Wednesday, October 08, 2008

What’s Left? Part III

This column was published on Aug. 3, 1995

Promotions unnecessarily lure players to state ‘lootery’

I soured on the lottery about four years ago. That was back before Texas took the plunge. I was living in Connecticut at the time, a different world for a South Texas native, working for a chain of newspapers along the coast.
One day as I was standing in line at a small grocery market, I noticed an elderly woman ahead of me with a meager offering of groceries. I assumed from her pauper-like appearance that she was of less than substantial means. As the cashier rang her up, she glanced into her purse and suddenly looked up startled. Stopping the cashier, she picked up a package of meat and asked to take it back so she could buy her daily allotment of lottery tickets.
I couldn’t believe it! This woman was taking food off of her table so she could purchase some worthless lottery tickets. I was beside myself with outrage and disgust, so I decided to look into the matter more thoroughly.
As it turns out, Connecticut was making a killing on lottery tickets that year, raking in an estimated $525 million. That’s a lot of money to squeeze out of a little bitty state like Connecticut. Texas lottery officials are boasting about bringing in $927 million in lottery revenues last year and that from a state with a population four and a half times the size of Connecticut.
Mind you, this was going on in the midst of a really bad recession in the Northeast. Despite having approximately 40 percent of this mountain cash flowing directly into the state treasury, Connecticut was still struggling to make ends meet and was faced with the biggest budget deficit in its history. Obviously the lottery, which had been around for 18 years there, was not the cure all for the state’s fiscal woes.
Could it be, I wondered, that the lottery was more of a drain on the state’s economy than a benefit? People were struggling with massive layoffs, unemployment, low wages and high cost of living; and yet they were spending more on lottery tickets than ever before.
Where does all of this money come from anyway? Well, it’s not appearing out of thin air. In many cases, like the example above, it’s coming straight off the tables of people who can’t afford it. It is also the discretionary income of thousands of working class and middle income people who might have found better and more productive things to do with it. The lottery does not create wealth, it just soaks up whatever is already out there and redistributes about half to a very small group of people.
The money spent on lottery tickets might otherwise have gone towards a night out at the movies, a meal at a nice restaurant, some new clothes, a family vacation, savings for a child’s education and so on. In other words, it is money that could have been reinvested in the community to support local businesses or put into savings which helps banks make loans to new businesses and to people buying new homes.
Instead it is money that is being frittered away on one of the oldest con games known to man. Any professional gambler could tell you that the lottery has the worst odds of any form of gambling ever devised. Your odds of being killed in an automobile accident tomorrow are much better than your chances of winning the big Lotto jackpot. Think about it.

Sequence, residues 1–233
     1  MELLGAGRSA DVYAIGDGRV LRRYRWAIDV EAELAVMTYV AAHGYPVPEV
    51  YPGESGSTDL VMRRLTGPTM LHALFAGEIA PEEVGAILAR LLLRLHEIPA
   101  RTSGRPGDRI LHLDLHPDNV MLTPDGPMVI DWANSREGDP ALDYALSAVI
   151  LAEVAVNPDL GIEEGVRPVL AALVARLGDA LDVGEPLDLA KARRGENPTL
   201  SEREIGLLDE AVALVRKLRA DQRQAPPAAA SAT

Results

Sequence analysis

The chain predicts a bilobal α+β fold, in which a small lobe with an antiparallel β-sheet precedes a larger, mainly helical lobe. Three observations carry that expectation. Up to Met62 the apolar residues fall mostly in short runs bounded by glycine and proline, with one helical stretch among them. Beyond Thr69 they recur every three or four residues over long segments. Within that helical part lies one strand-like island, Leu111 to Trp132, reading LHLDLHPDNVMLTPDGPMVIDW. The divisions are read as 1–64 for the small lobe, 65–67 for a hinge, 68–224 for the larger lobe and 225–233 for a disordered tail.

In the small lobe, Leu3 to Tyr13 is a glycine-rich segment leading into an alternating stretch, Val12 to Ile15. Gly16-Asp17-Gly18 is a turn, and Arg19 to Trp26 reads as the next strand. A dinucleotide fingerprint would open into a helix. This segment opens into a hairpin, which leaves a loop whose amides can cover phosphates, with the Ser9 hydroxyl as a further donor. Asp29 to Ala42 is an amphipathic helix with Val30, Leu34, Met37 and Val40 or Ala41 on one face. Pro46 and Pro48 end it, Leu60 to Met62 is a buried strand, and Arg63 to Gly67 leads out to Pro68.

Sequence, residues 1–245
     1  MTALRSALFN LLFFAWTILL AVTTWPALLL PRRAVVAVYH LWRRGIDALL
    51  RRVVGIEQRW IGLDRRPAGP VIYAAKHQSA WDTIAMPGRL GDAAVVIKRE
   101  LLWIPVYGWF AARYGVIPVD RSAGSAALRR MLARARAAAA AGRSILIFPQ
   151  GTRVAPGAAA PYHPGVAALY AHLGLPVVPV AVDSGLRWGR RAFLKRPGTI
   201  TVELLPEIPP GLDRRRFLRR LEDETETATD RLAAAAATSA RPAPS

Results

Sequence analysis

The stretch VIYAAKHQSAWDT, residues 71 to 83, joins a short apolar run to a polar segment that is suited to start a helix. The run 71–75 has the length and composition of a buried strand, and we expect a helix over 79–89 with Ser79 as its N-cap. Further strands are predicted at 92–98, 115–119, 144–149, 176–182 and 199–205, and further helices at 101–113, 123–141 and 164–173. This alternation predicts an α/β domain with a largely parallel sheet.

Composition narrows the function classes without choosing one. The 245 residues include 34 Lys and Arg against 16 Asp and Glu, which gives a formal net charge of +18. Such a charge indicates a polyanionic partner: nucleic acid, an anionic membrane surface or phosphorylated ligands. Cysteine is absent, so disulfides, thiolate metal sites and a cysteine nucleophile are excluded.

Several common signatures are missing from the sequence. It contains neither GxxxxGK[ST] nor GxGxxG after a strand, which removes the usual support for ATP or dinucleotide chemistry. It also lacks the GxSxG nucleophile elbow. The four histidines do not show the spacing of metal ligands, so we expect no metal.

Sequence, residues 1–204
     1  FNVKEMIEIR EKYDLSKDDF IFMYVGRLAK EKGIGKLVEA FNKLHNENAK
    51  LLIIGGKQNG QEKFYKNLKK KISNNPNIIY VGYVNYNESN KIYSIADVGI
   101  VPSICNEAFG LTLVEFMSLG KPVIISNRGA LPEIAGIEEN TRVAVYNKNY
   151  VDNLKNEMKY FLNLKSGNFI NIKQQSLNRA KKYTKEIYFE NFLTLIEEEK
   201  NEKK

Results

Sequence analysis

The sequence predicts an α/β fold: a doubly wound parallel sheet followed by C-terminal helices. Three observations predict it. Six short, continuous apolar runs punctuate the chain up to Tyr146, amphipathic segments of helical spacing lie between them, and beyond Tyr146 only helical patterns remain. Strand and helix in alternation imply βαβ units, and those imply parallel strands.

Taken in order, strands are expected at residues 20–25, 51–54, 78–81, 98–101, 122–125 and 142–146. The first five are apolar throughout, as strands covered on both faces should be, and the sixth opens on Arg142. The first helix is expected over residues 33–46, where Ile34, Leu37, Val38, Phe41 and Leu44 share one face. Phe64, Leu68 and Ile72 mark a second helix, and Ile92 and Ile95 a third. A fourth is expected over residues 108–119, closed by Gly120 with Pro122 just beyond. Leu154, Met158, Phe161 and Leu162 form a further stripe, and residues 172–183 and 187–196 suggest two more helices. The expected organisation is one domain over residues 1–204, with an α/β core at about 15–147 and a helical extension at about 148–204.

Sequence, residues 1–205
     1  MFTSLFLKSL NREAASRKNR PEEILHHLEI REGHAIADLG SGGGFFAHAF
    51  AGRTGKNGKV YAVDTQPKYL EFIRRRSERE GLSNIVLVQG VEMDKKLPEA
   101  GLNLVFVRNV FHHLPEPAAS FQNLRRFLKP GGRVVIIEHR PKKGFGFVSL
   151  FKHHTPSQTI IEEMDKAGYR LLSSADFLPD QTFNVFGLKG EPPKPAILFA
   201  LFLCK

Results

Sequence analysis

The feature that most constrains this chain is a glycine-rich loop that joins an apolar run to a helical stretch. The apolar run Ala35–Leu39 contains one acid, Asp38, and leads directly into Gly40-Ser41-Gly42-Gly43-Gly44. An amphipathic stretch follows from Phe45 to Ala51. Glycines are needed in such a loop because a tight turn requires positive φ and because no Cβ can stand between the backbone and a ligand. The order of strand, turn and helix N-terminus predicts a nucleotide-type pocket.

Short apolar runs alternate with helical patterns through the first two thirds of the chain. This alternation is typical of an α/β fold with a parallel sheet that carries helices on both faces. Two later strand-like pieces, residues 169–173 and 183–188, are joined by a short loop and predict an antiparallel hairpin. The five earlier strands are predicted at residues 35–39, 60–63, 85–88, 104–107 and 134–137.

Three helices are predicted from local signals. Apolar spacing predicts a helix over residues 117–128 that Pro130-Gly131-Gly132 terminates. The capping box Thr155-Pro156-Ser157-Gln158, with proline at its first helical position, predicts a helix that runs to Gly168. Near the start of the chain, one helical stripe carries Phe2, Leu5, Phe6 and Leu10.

But it is not my place to tell people how to spend their money. And I know that some people would even argue that playing the lottery is worth losing their money on because of the enjoyment they get from those few moments of anticipation as they scratch their numbers or listen to the winning numbers on the nightly news. It reminds me of the time when I was a youth buying packages of baseball cards at the concession stand during Little League games. You could never tell if that next pack of cards might be the one containing the Johnny Bench or Pete Rose cards that I so highly valued.
So my gripe is not with the people that play the lottery. My frustration is with the state government which has decided to tap into people’s weaknesses for this type of entertainment to make some easy money for the state coffers. Silly me, I was naive enough to think that the government was supposed to protect people from being taken advantage of like this. Instead, the government is spending millions of dollars a year ($34 million this past year) on advertising and promotion to entice people to gamble their hard-earned money away.
Oh sure, it raises money for the government, some of which can be used for good things like education. (The ‘profits’ are added to the general fund and not applied to any particular budget item). But if the lottery is to serve as a new form of taxation, we should judge it accordingly and recognize that it is extremely regressive and inefficient. It is regressive because the people who play most frequently tend to be poor and less educated. It is inefficient because less than 40 percent of every dollar collected makes it into the state treasury, unlike most other taxes where it costs less than 2 percent to collect and administer and 98 percent ends up in the treasury.
So here in a nutshell is what I would like to see done. Let the government continue to run a lottery for those people who choose to play, but eliminate all advertising and promotion so as not to entice people into playing who otherwise would not. If that means that ticket sales decline, then all the better. Taxes that are needed should be collected in a fair and efficient manner, otherwise leave people alone to pursue more productive interests with their income.

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